Sheldon S. Wolin (born August 4, 1922) is a political theorist. He is professor emeritus of Princeton University and a writer on contemporary politics. He is married to Emily Purvis Wolin.
He attended Oberlin College as an undergraduate. During World War II, he was a bomber pilot.
In 1950 Wolin received his Harvard University doctorate for a dissertation titled Conservatism and Constitutionalism: A Study in English Constitutional Ideas, 1760-1785. After teaching briefly at Oberlin College, Wolin taught at the University of California, Berkeley, from 1954 to 1970. In a political science department that was largely composed of empirical studies of micro-political issues, Wolin was a political theorist who managed to build that component of the program by bringing Norman Jacobson, John Schaar, and Hanna Pitkin into the department. He was a major supporter and interpreter to the rest of the world of the theory behind the Free Speech Movement, and he became a mentor to one of the FSM's more prominent activists, Michael Lerner on whose Ph.D. committee he served.
From 1973 through 1987 Wolin was Professor of Politics at Princeton University where he mentored a large number of students who have subsequently become leading figures in contemporary political theory, including most notably: at Berkeley, Hanna Pitkin (Emeritus, Berkeley), and at Princeton, Uday Mehta (Amherst College), Wendy Brown (Berkeley), Frederick Dolan (Emeritus, Berkeley and California College of the Arts), Dana Villa (Notre Dame), Nicholas Xenos (Massachusetts), Kirstie McClure (UCLA) and Cornel West (Princeton). At Princeton, Wolin led a successful faculty effort to pass a resolution urging university trustees to divest from endowment investment in firms that supported South African apartheid.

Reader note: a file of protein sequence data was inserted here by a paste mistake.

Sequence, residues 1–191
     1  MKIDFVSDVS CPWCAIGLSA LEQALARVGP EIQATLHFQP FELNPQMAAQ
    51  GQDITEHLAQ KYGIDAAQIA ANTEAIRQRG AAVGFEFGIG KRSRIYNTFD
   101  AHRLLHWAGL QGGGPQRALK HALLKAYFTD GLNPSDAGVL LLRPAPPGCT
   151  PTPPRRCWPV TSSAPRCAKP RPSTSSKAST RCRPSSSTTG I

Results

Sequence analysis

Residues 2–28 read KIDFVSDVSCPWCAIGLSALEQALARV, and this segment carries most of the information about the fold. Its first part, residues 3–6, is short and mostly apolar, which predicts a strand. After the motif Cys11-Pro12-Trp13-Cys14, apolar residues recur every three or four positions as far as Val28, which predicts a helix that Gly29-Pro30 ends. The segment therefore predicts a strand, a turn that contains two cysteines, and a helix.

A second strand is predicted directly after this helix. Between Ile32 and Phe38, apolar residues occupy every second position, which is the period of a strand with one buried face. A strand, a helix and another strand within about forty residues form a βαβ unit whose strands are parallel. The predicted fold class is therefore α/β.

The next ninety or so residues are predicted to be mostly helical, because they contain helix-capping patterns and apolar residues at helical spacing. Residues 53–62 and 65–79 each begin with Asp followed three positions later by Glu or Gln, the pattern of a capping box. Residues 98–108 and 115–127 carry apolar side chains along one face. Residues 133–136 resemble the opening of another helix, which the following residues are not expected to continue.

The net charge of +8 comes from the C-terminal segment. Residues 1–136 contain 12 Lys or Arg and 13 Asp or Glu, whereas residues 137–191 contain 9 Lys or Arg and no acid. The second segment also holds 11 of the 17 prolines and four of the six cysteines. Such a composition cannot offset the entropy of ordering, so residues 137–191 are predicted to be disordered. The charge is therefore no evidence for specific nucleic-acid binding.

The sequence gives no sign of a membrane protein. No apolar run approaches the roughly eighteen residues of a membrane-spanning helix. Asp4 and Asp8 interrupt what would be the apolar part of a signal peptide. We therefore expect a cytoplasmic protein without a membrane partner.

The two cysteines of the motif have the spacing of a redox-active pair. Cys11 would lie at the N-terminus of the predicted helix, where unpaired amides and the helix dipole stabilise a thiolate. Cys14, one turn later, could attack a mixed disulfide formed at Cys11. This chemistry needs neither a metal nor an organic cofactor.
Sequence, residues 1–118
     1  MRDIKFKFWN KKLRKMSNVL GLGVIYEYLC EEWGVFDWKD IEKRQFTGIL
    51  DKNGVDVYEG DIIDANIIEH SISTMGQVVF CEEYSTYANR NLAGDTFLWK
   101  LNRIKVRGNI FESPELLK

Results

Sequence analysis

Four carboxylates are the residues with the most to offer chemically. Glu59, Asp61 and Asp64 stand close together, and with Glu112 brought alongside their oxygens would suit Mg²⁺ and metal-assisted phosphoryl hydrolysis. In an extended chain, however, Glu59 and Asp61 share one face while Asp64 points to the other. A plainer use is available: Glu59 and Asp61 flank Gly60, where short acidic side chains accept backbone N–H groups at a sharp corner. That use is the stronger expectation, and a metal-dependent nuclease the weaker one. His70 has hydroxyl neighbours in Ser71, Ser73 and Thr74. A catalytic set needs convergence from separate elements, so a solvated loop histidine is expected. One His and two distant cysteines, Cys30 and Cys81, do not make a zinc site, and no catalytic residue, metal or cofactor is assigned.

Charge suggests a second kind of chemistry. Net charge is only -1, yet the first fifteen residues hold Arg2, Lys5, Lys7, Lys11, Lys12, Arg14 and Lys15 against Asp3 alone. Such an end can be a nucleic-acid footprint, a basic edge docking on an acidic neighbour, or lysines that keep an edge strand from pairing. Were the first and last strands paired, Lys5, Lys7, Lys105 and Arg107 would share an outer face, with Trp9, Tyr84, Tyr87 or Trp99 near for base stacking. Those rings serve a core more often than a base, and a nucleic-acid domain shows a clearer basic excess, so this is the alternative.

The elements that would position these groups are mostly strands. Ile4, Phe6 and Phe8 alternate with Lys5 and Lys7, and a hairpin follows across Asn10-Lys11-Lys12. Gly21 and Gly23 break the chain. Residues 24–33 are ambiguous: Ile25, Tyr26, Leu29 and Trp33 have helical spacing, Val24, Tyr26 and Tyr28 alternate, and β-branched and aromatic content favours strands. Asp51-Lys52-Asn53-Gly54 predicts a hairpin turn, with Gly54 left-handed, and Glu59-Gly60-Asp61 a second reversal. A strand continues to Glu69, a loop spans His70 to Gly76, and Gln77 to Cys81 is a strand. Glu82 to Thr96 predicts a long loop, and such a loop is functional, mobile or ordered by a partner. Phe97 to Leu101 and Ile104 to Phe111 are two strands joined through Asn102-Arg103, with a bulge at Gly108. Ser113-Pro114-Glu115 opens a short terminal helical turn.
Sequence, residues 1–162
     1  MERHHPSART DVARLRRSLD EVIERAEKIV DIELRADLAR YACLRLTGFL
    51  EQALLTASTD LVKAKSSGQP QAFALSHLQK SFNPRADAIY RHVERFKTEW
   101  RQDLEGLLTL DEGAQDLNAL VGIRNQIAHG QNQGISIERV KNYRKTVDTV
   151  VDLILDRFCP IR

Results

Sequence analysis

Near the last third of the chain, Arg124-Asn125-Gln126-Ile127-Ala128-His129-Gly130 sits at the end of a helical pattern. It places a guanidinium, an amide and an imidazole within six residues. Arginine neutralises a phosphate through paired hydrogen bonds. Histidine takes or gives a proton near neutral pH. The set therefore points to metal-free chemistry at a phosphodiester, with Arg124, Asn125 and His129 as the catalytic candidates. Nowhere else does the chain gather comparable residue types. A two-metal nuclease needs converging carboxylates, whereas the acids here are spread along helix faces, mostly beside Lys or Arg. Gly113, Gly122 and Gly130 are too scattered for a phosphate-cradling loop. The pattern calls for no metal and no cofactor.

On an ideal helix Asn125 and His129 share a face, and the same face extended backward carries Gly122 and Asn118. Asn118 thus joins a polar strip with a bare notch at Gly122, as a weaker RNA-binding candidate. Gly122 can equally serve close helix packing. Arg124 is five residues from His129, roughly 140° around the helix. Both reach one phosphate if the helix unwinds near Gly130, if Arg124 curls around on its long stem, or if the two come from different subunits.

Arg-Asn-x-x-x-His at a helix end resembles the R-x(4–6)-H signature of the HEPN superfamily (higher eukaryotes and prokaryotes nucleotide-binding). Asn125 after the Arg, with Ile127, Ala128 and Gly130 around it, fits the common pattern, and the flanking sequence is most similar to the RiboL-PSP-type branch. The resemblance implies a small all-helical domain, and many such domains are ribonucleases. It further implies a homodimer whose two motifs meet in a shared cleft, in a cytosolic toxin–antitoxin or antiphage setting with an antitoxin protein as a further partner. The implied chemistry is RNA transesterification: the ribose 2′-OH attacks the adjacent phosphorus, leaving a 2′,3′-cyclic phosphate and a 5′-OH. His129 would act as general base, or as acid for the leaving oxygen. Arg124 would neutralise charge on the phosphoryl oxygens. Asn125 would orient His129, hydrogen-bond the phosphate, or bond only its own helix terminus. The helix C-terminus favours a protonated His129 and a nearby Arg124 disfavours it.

Aside from Oberlin, UC Berkeley and Princeton, Wolin has also taught at UC Santa Cruz, UC Los Angeles, Cornell University, and Oxford.
Wolin made his name with the 1960 publication of Politics and Vision: Continuity and Innovation in Western Political Thought (Princeton 1960, 2nd Ed. 2004). He published some articles that challenged positivist political science and enlivened the field of political theory. In addition to the usual canon of Plato, Hobbes, Locke, Machiavelli and Rousseau, Wolin wrote penetrating essays on Augustine of Hippo, Richard Hooker, David Hume, Martin Luther, John Calvin, Max Weber, Friedrich Nietzsche, Karl Marx, and John Dewey as well as books on the American Constitution and Alexis de Tocqueville.
Wolin defended a radical account of democracy. He took it not as a form of government, but as a form of political judgment which needs to be wrested away from its close association with the liberal megastate.
As leading political theorist William E. Connolly notes,
Politics and Vision did not simply tell us how important it is to address the “tradition” of Western political thought, it engaged comparatively a series of exemplary political thinkers in pre-Christian thought, Christendom, and the modern world in a way that revivified the energy, confidence, and vision of an entire generation of political theorists.’ (Democracy and Vision, Princeton 2001).
Wolin's work has energized participatory democracy in the United States by theorizing democracy as a mode of being that is external to the political institutions of the state. This shift has encouraged a decoupling of democracy from political liberalism (towards postliberal democracy) which restores to 'democracy' its rightful power to judge Power.
Wolin is often described as representing the hard-Left in his views that the United States has turned into the oxymoronic entity of 'superpower democracy' and that neo-conservative policy makers are turning the United States into an 'inverted totalitarian' state (with all of the fascist implications). However, Wolin might also be understood within either the conservative or socialist traditions of political thought in providing a prophetic counter to the excesses and dangers of political liberalism embodied in the 'megastate'.
Wolin's propheticism about U.S. political life seeks to recognize the fugitive character of democracy in order to retain its reformative power, encouraging local and particular modes of political participation which can resist the totalizing tendencies of statist power.